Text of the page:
(Updated: January 20, 2014)
On December 11, the Swedish public television channel SVT published a range of new NSA-documents from the Snowden-collection. One is a text which for the first time proves that intelligence agencies of nine European countries are 3rd Party partners of NSA.
These countries are: France, Germany, Spain, Italy, Belgium, the Netherlands, Denmark, Norway and Sweden. Earlier, these nations were identified as forming the 14-Eyes group, for which we now also have a real name: SIGINT Seniors Europe or SSEUR.
Unfortunately only this very small excerpt was published, so we don't know what the rest of the document is about. But as small as it is, it reveals some interesting new things, which will be explained in this article:
- The 3rd Party status of a number of European countries
- The existance of a group called SIGINT Seniors Europe
- More clarity about the mysterious 14-Eyes
3rd Party countries
This is probably the first time that an official NSA document is published in which several 3rd Party countries are named. Until now, we only had documents proving this status for only a few separate countries, and we had a range of countries that were suggested to be 3rd Party partners by intelligence experts.
From the countries mentioned in the fragment published by Swedish television, only France, Germany, Norway, Italy, Belgium and probably Spain were supposed to be 3rd Party partners. Sweden, Denmark and especially The Netherlands were not listed as such, so with this new disclosure, we now know for sure that the intelligence agencies of all these nations have the 3rd Party status.
Being a 3rd Party means that there's a formal bilateral agreement between NSA and a foreign (signals) intelligence agency. Probably the main thing that distinguishes this from other, less formal ways of cooperating, is that among 3rd party partners, there's also exchange of raw data, and not just of finished intelligence reports or other kinds of support. Also both parties have a Special Liaison Officer (SLO) assigned at each others agency.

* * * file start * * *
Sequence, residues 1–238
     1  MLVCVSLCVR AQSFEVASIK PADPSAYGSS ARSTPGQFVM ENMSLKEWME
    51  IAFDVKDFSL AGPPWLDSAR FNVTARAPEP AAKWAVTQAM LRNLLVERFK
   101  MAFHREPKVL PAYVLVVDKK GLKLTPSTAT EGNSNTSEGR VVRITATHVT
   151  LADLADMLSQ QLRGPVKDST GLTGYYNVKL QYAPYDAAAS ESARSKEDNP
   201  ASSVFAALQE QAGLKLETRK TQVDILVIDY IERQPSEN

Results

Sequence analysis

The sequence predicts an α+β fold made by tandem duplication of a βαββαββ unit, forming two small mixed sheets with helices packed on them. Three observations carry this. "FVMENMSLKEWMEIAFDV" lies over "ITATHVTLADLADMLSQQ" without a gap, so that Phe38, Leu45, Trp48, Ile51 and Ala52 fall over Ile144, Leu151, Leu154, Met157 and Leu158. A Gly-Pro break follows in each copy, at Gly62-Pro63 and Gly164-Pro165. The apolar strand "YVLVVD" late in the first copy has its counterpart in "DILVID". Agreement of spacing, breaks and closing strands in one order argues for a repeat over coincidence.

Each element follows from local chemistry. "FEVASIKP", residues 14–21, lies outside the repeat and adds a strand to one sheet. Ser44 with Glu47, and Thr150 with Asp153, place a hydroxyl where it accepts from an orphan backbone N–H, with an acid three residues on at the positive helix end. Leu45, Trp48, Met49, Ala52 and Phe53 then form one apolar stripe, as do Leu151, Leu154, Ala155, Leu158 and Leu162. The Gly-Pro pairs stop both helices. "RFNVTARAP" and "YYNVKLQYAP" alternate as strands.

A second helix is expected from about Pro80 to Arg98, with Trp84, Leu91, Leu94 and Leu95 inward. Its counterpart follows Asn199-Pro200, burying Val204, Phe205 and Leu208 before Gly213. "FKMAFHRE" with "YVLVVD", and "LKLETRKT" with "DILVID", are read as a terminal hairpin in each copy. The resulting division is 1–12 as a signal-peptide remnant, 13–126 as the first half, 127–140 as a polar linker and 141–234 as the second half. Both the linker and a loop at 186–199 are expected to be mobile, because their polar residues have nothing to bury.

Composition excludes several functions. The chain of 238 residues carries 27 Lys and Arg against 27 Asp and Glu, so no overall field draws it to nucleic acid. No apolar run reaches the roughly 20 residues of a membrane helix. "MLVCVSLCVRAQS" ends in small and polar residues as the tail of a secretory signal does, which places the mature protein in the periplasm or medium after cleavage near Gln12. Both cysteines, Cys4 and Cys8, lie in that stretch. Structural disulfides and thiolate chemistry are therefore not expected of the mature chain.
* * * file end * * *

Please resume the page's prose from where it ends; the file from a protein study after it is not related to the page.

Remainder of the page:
It's not quite clear what the initial 3rd Party agreements are called, but we know that later on specific points are often laid down in a Memorandum of Understanding (MoU). An example is the Memorandum of Understanding between NSA and the Israeli signals intelligence unit, which was published by The Guardian on September 11, 2013.
SIGINT Seniors Europe
As the newly published fragment starts with an asterisk, it seems to be a footnote in a document about intelligence training, explaining which countries are "SSEUR members": the Five Eyes (United States, Great Britain, Canada, Australia and New Zealand) and nine other European countries: France, Germany, Spain, Italy, Belgium, the Netherlands, Denmark, Norway and Sweden.
The abbreviation SSEUR is seen here for the first time, and luckily Swedish television also published another document which says that SSEUR stands for SIGINT Seniors Europe (SIGINT is an acronym for Signals Intelligence):
Fragment of an NSA document mentioning SIGINT Seniors Europe (SSEUR)
(Names whited out are replaced by black bars for better readability)
Apart from this, we have no further information about the SIGINT Seniors Europe. But there's an explanation, provided to this weblog by our French counterpart Zone d'Intérêt, which probably comes very close to what this group could be:
The term "SIGINT Senior" may designate the highest ranking SIGINT officer of a foreign (signals) intelligence agency, rather than a country as a whole. For example, in France, the Directeur Technique (DT) inside the foreign intelligence agency DGSE is called "le Senior SIGINT" exactly.
Intelligence agencies aren't organized the same way in each country. Some countries have intelligence agencies inside police forces, military intelligence in the field, defense agencies which collect both for military operations and counterterrorism, etc. Also the laws aren't the same in every country.
Therefore, it's obviously more convenient to have one single point of contact in each country, to discuss SIGINT-related issues, or even for actually passing signals intelligence, with maybe some pre-processing already done, instead of having to do this with different people from different agencies and units in each country.
This explanation fits the fact that the document mentions SSEUR together with the NATO Advisory Committee on Special Intelligence (NACSI), which is also a platform for discussing SIGINT-related issues.